Of all of the counseling cases that a minister will have to deal with, none is as complicated as divorce. Although the Bible gives guidelines on the subject, often times people have a hard time discerning how to apply the Biblical principles/rules/regulations on divorce. I came into Jim Newheiser’s Marriage, Divorce, and Remarriage assuming that this book will be a topic that is mainly on divorce, but it wasn’t until I began reading did I realize that it truly covers the entire spectrum of marriage, divorce, and remarriage.
Jim Newhesier tries to answer every possible question there is in regards to relationships. This book is written with a question format, meaning every chapter is self contained and is a helpful resource in being equipped to answer any particular question. I appreciate that this book strives to argue everything from a Biblical worldview. Even the things that our culture deems as normative, Jim does a faithful job in admitting that they are simply cultural to the American context and not biblical (sections pertaining to dating and engagement comes to mind).
“The deeper your knowledge and experience of God’s love for you in Christ, the more you will be motivated and empowered to show merciful, gracious, and sacrificial love to your spouse”
The book is organized in two sections. The first section focuses on the fundamentals of marriage. Everything from where did the idea of marriage come from, to how a person gets married, then how to maintain a healthy/godly marriage. The second half of this book dives into the issue of divorce and remarriage. Sadly, this format is a reflection of how most marriages are: thinking about marriage, marriage, failure, divorce, and then remarriage.
What I also found to be useful from this book is that it tries to argue the two perspectives of remarriage (permanence vs. erasmian view). The permanence view is the view that a person who is divorced cannot be remarried to another person even if they are the innocent party (ex. did not cheat on their spouse), while the erasmian view holds that the innocent party can freely remarry someone else. I believe Jim handled both perspective fairly in terms of giving the reader biblical perspective of both and even name dropping some famous preachers that hold to each view. In the end, it seems that each situation needs to be considered amongst church leaders to decide which view they decide to hold and practice.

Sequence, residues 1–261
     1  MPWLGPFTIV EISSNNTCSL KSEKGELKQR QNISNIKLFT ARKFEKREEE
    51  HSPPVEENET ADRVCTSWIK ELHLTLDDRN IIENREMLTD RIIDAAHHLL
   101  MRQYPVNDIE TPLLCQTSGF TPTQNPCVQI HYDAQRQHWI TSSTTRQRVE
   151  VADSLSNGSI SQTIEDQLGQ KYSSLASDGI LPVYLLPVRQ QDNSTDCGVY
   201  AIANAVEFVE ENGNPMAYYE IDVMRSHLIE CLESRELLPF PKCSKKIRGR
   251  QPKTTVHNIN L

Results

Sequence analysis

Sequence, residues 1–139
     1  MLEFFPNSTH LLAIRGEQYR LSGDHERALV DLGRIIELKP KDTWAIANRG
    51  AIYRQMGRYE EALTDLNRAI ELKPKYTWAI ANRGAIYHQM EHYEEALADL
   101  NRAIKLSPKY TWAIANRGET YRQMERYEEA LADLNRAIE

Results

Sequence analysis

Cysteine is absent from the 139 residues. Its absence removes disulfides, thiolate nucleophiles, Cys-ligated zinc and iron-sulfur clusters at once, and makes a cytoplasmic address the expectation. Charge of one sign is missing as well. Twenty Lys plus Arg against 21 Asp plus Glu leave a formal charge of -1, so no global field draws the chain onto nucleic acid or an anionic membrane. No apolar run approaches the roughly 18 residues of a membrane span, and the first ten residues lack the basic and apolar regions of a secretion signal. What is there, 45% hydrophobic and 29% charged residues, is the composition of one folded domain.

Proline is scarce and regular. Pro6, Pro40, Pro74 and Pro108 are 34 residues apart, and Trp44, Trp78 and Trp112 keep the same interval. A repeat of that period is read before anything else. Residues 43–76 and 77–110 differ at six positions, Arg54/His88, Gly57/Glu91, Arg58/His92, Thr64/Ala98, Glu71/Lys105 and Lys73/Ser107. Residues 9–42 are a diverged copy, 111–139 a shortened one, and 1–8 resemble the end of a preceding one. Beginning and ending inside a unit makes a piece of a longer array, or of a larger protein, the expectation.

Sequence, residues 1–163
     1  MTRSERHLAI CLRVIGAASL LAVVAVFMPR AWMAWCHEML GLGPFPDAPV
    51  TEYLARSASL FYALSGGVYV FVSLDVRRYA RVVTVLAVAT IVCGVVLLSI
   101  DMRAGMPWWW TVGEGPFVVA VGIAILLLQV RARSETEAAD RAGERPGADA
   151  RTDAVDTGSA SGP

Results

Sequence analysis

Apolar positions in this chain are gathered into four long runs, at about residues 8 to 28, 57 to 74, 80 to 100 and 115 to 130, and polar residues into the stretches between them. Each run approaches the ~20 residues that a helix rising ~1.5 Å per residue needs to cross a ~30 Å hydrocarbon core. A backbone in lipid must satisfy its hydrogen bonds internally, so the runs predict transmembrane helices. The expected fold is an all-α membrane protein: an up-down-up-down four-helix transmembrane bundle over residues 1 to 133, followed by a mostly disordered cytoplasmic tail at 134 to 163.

This was a highly educational book for me. Partially because I am recently married and want to know how to keep my marriage faithfully before the Lord, and also being better trained in thinking through the subject with more clarity. This book is highly practical and biblical. This book is pretty easy to read and can be a great resource of anyone that is hurting or anyone that wants to have a clearer view on each of the subject listed.
Some of the lines that stood out to me:
“Sex with anyone other than a marriage partner is a distortion of God’s design and is essentially a lie. The cohabiting couple seeks to enjoy the privileges and benefits of marriage, while refusing to make the commitment that God requires as a prerequisite for enjoying these blessings. Their physical relationship declares a level of commitment and oneness that doesn’t truly exist.” (42)
“Those who badly want to marry often marry badly” (51)
“People look for a spouse in our culture predominantly by dating. This relatively recent historical phenomenon is defined as “a part of [the] human mating process whereby two people meet socially for companionship, beyond the level of friendship, or with the aim of each assessing the other’s suitability as a partner in an intimate relationship of marriage.” While dating seems very normal to us, arranged marriages have actually been the norm in most cultures throughout history” (59)
“The deeper your knowledge and experience of God’s love for you in Christ, the more you will be motivated and empowered to show merciful, gracious, and sacrificial love to your spouse” (79)
“We often tell quarrelsome couples that they need to continually recall that their relationship is almost always more important than whatever they are arguing about.” (123)
“Solid joys and lasting pleasures can only be found in the Lord” (146)
“Our beliefs about the grounds for divorce and remarriage must be based on careful study of God’s infallible and all-sufficent Word. We must be prepared to read what will challenge our present actions and feelings, and we must submit our will to that of the Lord and trust that His ways are the best” (227-228)
“Abusive actions and words typically come from fleshly hearts that are ruled by angry desires” (259)